Review

The Passion of The Christ Review

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Mar 04, 2004 | 12:28pm EST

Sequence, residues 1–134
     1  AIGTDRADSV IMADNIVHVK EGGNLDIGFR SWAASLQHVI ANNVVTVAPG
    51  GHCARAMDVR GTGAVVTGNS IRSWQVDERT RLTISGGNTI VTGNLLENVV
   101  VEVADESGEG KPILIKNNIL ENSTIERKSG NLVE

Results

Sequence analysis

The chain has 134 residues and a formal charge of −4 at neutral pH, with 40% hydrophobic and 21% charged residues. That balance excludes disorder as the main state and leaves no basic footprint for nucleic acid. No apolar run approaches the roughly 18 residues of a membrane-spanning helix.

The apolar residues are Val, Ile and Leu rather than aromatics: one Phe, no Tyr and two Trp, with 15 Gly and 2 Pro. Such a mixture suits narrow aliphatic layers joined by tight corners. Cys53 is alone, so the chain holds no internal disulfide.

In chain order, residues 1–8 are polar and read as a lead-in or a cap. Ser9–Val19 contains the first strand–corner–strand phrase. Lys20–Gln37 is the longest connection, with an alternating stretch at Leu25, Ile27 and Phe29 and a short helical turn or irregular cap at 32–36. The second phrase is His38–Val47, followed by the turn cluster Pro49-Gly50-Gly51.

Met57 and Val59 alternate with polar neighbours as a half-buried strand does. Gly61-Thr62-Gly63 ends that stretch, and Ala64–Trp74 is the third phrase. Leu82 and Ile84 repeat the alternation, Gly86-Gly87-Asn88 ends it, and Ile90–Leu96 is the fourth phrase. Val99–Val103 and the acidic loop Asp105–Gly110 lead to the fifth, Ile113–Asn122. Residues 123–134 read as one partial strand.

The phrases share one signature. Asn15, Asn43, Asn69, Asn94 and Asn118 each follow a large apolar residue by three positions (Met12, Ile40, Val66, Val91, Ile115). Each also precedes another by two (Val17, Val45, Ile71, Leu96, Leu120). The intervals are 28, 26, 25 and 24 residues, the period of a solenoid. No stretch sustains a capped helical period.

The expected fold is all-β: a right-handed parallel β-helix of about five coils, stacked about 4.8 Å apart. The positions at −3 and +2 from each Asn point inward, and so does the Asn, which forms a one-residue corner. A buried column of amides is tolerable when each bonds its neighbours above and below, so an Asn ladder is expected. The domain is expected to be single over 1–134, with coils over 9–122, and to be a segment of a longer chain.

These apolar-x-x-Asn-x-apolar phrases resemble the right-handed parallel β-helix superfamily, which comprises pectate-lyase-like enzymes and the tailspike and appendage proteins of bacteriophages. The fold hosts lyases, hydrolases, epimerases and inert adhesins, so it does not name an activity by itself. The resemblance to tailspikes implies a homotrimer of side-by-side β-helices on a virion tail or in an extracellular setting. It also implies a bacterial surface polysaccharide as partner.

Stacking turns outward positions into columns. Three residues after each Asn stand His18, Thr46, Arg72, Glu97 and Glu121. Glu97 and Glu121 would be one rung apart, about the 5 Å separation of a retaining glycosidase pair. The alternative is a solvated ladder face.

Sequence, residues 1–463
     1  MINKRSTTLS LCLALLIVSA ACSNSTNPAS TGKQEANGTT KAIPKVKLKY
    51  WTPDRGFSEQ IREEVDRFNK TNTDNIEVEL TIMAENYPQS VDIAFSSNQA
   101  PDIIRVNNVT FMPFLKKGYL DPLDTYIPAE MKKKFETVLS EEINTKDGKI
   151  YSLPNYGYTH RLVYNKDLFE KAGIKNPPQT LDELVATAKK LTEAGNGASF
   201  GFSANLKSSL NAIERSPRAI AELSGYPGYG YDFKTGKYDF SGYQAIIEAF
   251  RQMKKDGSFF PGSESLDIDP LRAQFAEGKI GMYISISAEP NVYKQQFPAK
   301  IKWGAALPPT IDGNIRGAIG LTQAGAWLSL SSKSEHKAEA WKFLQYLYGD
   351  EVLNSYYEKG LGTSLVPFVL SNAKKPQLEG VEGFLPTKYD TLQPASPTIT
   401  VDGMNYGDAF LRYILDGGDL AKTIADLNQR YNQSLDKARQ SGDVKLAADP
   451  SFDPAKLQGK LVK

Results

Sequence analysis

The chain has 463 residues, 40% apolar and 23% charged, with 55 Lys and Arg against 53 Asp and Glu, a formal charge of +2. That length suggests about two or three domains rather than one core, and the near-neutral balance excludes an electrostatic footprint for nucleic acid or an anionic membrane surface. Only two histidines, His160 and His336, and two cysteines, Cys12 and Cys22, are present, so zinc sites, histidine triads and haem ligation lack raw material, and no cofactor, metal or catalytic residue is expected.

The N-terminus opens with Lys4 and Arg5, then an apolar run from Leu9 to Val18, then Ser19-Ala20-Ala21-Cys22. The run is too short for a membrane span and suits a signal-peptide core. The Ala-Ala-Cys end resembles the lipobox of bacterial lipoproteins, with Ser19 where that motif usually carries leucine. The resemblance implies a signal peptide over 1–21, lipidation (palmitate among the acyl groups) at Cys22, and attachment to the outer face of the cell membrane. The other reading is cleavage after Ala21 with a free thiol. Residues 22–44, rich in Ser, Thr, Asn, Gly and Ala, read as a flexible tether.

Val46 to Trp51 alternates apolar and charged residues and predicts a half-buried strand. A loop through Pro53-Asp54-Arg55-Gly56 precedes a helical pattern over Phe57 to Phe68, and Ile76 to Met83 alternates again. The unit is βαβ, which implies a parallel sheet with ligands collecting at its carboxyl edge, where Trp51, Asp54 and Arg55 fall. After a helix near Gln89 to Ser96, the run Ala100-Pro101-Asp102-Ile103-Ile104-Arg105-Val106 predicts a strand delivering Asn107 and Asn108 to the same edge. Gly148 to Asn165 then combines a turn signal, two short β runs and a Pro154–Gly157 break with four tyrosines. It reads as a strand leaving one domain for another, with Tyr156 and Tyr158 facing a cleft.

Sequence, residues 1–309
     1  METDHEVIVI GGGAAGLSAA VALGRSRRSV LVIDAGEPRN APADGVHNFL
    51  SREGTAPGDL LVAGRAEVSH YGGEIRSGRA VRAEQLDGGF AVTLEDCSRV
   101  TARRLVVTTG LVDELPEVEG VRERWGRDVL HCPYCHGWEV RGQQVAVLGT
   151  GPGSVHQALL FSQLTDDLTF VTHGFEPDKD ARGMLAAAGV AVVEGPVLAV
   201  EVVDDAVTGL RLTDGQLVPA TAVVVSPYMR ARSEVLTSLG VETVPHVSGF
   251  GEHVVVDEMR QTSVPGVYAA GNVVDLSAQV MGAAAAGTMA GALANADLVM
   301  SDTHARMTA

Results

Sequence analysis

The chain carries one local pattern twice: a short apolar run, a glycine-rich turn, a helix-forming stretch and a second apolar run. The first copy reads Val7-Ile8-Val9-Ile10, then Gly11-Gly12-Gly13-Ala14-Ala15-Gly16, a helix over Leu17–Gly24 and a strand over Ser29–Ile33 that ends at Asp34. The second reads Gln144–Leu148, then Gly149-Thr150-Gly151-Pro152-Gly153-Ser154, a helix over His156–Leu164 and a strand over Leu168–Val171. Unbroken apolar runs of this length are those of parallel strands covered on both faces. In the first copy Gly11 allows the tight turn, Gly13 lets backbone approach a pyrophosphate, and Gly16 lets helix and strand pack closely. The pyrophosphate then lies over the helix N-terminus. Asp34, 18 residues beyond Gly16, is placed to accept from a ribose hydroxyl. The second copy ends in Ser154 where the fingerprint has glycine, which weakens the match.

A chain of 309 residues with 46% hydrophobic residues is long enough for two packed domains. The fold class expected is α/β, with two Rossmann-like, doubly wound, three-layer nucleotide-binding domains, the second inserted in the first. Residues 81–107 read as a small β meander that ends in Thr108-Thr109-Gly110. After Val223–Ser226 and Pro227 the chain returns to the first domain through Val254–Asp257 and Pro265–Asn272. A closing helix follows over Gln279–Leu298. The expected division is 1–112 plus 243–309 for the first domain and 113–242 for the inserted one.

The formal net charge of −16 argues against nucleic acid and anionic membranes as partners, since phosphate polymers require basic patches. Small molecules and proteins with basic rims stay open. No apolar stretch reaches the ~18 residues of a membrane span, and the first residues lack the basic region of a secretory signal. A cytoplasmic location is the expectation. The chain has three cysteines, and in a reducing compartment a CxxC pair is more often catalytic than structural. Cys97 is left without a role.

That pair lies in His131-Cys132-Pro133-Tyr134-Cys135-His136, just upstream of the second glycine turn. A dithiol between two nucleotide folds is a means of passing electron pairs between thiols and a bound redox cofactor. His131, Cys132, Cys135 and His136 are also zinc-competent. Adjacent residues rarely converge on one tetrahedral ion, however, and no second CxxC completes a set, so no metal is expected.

Is there any "truth" at all in the story of Jesus of Nazareth's last 12 hours as told by five men: Matthew Mark Luke John and now Mel? Passion in Aramaic and Latin with English subtitles follows the basic narrative of the gospels starting from the night before Jesus' crucifixion: Jesus prays Judas betrays him to the priests of the temple Peter denies him Mary and Mary Magdalene weep for him as he carries his cross to the mount where the Romans led by Pontius Pilate will crucify him. He will die and he will rise again. Interspersed with this action are flashbacks to Jesus' preaching the last supper and Mary Magdalene's stoning. For centuries these gospels have been described sermonized and pantomimed but rarely are the intellectual and often esoteric debates underlying the storytelling placed so squarely at the center of popular culture. (The last time was with the release of Martin Scorsese's The Last Temptation of Christ in 1988. Then thousands of Christian fundamentalists picketed Universal Studios which hired a born-again Christian as a liaison to help calm the furor and placed security guards in theater lobbies. Scorsese himself hired bodyguards.) These days around the office water cooler people are talking about religion and the politics thereof instead of the latest episode of The Apprentice. There doesn't seem to be much debate that The Passion of the Christ is an important film. But controversy has swirled around it with arguments over everything from who got advance screenings (Christian leaders) and who didn't (Jewish leaders) to how the film was marketed (bulk sales to Christian groups have already bolstered opening day ticket sales) to Gibson's father calling the Holocaust mostly "fiction." But the single biggest fuss has been over allegations that the film places blame for the crucifixion on the Jewish high priest Caiphus and his cohorts--that it implies if not outright says that the Jewish people and their priests killed Jesus. Gibson's argument that his film is taken directly from the gospels simply doesn't wash with detractors. Yes there are biblical passages that implicate the priests of a certain sect of Judaism in turning Jesus over to the Romans and yes the story says the Jewish people of the time chose to release from prison the thief Barabbas rather than Jesus. But the Vatican II reforms of 1962-65 absolved Jews from any such responsibility and placing these dated ideas back into mainstream culture detractors say could incite those already inclined to anti-Semitism to new levels of hatred. Gibson is reported to have embraced his father's religion twelve years ago a fundamental Catholicism called Traditionalism which rejects many of the Vatican reforms. Gibson himself has not said whether he agrees with all the faith's tenets or not. Indeed he has for the most part refused to discuss the controversy publicly. The content of the film itself would indicate that the director is interested not necessarily in implicating the Jewish people in Christ's death but rather in absolving the Roman authorities and by association the Roman Catholic Church. Pilate for example a historically violent ruler and usually the villain of the story comes off sympathetically in Passion. In fairness though the Roman soldiers take a greedy sadistic pleasure in inflicting many many tortures upon Jesus (Jim Caviezel). The camera lingers over their every cruel torment and jubilant reactions--so much so that the evil deeds of the movie's creepy androgynous version of Satan (Rosalinda Celentano) pale in comparison to the damage human beings can do to one another. There are however compassionate characters and their small kindnesses stand out amid the bloody violence that pervades the film. The man the Romans assign to carry Jesus' cross takes a stand on his behalf; a woman risks her life to wipe his blood and give him water; and his female companions his mother Mary (Maia Morgenstern who gives an outstanding performance) and Mary Magdalene (Monica Bellucci) offer comfort. Indeed the film's most powerful scenes capture the incredible bond between mother and son; Mary bears witness to her son's torture her reactions become the audience's reactions and they feel the mother's pain. Jesus himself is highly objectified (some would even say fetishized) a character who is examined brutalized and pitied but who does not participate in his own story. Caviezel makes the best of the part for which he underwent grueling makeup sessions and learned Aramaic Latin and Hebrew turning in a powerful if necessarily one-note performance. Despite the movie's few hopeful moments the cruel characters far outweigh the kind so it's not surprising that the blood and gore they produce provide the bulk of the film's aesthetic. Relying heavily on Italian Renaissance iconography Passion is artistically speaking a well above average film in spite of the copious amounts of blood spilled--at moments it's even a great film. It finds its visual punch--a painful gut-wrenching punch that takes one's breath away--in a powerful grotesque visual palette of deep red blood and the seemingly unending flagellation of Jesus' body. It's terrifying awe-inspiring horrifying and gruesome. It is one of the most violent films ever made. But as hard as it is to watch it is even harder to come to terms with intellectually. In the end we do not see man's inhumanity redeemed by the crucifixion; the movie ends too abruptly to leave a lasting impression of hope after all that violence and it simply assumes its audience will understand and believe that Jesus' death saved humankind from its own cruelty. Frankly it doesn't work. The brutal visual power of Passion is such that it leaves one with the memory of a human race so violent that if it were "truth " would seem to justify all the fears critics have expressed about potential modern-day reactions to the film from anti-Semitism to radical Christian zealotry. The film presents human nature in Christ's day as largely violent sadistic and cruel; we have not the critics seem to say come very far since then.